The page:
Petrol (additional information)
Gas stations in Europe are familiar with the problem: a customer has fueled his or her car with diesel instead of petrol. Because diesel oil is more viscous especially at low temperatures than petrol, it can block
narrow pass ways due to the lower pressure of petrol fuel injection systems. In this case the complete system must be "cleaned". However, mostly the customer gets away without too much damage. Nevertheless,
too high a diesel portion fosters combustion knocking because of its low octane rating which might cause engine trouble. Also the catalytic converter can be damaged irreversibly. So, get out as much Diesel fuel as
possible and fill up the tank with petrol, and avoid full load for the engine.
How it works
Petrol engines operated with fuel with a lower octane number than prescribed by the manufacturer (e.g., regular instead of super) can overheat, especially due to the barely audible high-speed knocking of the engine,
a piston can blow, or the crank mechanism can be damaged. Vehicles with knock sensor can be fuelled with different octane ratings without problems. In this case the ignition timing is changed by the control circuit
which reacts to the slightest knocking of any one of the cylinders. Sometimes older vehicles with identity field ignition without knock sensor can be adapted by a switch or plug to fuel with a lower octane number.
However, driving fuel with a higher octane number than allowed is without harm. Indeed, the fuel has a slightly higher heat value, but the fuel consumption saving is probably lower than the add-on costs. The ignition of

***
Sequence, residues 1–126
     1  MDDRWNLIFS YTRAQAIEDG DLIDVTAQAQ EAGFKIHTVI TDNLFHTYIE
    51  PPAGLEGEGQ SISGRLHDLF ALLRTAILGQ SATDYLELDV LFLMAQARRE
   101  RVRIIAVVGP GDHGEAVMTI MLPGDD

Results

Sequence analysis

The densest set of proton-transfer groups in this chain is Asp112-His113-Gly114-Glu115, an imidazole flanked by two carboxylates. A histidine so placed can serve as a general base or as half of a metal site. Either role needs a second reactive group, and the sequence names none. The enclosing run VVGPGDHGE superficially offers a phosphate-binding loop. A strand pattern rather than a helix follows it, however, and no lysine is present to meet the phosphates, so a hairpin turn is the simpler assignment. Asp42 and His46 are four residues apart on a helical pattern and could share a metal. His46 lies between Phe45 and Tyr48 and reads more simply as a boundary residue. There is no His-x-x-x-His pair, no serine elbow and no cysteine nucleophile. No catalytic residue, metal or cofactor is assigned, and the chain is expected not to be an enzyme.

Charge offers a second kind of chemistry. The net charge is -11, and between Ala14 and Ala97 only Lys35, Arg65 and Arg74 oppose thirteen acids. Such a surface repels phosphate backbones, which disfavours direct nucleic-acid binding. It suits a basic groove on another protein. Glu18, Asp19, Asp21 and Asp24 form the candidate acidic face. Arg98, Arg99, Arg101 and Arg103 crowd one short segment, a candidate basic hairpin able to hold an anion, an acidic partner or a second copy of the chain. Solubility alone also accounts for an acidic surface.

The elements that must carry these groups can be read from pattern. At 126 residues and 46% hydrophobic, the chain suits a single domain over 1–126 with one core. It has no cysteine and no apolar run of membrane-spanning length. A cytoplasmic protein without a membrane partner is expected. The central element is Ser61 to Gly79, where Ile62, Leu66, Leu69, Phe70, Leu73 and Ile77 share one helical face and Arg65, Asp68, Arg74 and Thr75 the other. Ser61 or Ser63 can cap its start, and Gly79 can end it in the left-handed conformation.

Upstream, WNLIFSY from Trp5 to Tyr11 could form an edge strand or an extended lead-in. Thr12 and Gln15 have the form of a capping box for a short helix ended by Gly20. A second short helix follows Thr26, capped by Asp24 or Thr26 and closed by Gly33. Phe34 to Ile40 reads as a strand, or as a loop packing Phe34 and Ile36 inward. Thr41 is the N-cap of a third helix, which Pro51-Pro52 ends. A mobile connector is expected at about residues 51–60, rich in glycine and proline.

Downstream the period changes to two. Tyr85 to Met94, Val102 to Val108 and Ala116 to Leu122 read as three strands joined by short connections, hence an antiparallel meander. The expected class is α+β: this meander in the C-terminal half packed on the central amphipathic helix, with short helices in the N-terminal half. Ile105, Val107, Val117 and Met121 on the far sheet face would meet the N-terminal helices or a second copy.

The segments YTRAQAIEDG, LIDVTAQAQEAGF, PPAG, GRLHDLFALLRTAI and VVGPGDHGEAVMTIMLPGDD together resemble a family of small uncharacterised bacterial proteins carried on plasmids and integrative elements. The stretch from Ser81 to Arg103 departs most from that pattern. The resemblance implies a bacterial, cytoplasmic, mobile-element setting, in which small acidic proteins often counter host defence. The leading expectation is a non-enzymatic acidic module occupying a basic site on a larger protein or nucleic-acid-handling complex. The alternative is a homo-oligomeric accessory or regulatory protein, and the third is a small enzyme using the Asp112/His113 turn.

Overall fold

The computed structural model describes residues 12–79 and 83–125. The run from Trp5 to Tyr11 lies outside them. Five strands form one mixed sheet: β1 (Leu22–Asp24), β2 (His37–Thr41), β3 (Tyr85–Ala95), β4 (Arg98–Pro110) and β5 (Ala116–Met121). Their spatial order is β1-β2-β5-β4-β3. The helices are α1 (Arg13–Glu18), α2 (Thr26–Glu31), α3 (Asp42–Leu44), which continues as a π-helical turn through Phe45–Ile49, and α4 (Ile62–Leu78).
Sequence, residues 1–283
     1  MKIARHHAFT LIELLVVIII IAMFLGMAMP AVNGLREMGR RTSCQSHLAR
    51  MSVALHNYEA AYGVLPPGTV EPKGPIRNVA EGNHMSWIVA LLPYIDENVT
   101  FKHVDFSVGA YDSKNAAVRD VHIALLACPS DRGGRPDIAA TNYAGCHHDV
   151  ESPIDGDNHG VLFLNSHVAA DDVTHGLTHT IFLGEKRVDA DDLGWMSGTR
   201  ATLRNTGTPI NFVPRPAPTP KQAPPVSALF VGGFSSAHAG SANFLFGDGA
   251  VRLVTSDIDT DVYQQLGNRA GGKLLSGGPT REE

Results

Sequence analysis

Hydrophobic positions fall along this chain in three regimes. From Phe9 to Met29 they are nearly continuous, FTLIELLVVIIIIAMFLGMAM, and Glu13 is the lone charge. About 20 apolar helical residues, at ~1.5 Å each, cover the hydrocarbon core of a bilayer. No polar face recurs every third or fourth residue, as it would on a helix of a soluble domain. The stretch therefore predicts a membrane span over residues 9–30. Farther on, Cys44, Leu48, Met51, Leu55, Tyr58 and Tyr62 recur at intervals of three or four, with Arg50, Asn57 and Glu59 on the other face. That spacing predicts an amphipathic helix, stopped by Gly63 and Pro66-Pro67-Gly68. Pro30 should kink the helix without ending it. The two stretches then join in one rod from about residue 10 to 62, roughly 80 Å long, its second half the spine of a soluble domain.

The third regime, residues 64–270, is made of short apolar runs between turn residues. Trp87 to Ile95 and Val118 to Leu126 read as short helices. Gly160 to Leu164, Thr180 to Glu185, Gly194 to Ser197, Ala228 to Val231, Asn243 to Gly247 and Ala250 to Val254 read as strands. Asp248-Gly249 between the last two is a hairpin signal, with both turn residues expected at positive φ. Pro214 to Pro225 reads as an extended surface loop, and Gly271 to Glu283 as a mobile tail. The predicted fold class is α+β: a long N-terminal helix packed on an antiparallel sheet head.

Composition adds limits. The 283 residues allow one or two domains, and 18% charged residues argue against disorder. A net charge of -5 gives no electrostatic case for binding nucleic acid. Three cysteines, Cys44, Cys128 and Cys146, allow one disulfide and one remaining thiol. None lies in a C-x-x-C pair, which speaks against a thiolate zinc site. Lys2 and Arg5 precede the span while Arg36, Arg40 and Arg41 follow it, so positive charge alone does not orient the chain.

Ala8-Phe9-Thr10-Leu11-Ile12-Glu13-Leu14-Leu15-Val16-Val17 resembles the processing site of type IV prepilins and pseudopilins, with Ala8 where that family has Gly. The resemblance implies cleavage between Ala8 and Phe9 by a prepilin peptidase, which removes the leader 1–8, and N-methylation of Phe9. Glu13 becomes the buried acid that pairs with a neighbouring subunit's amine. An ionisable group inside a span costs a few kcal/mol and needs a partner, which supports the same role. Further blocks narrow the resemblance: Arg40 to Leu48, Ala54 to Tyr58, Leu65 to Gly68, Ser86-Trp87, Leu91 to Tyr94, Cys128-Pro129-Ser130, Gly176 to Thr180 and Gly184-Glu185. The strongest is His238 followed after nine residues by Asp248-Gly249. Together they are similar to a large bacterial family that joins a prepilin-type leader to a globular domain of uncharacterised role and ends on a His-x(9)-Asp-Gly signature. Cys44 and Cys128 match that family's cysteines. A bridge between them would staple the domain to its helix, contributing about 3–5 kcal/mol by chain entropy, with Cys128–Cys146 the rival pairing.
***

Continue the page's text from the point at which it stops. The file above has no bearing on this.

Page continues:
modern vehicles may adjust themselves perhaps in the direction of 'early' and there is a possibility for a small performance rise within the scope of the tolerance. But, actually, it does not make much sense to fill the
tank with fuel with a higher octane number as prescribed in the operating instructions.
Petrol is very difficult to replace, because of its high energy density. Thus 1 liter of petrol has the same energy as 4 liters of natural gas, whereby the natural gas must be condensed, however, to 200 bar.Hydrogen is
even more energy-dense, but more dangerous. For the future we might have fuel, in which the hydrogen atoms are substituted by silicon atoms. Silicon can be retrieved in almost endless amount out of sand. In
addition, the new fuel also burns with nitrogen. Its transport risk seems to be, in any case, similar to petrol, maybe lower. However, the engineers will develop this fuel probably in first instance for space traveling,
before it is integrated in a complete, environmentally friendly cycle in 10 - to 20 years for cars.
Fuel quality cannot differ substantially. In the refinery all tankers take up first of all the same basic fuel. Subsequently brand specific additives are added, indeed, only comparable in ratio of 1 kg: 500 kg.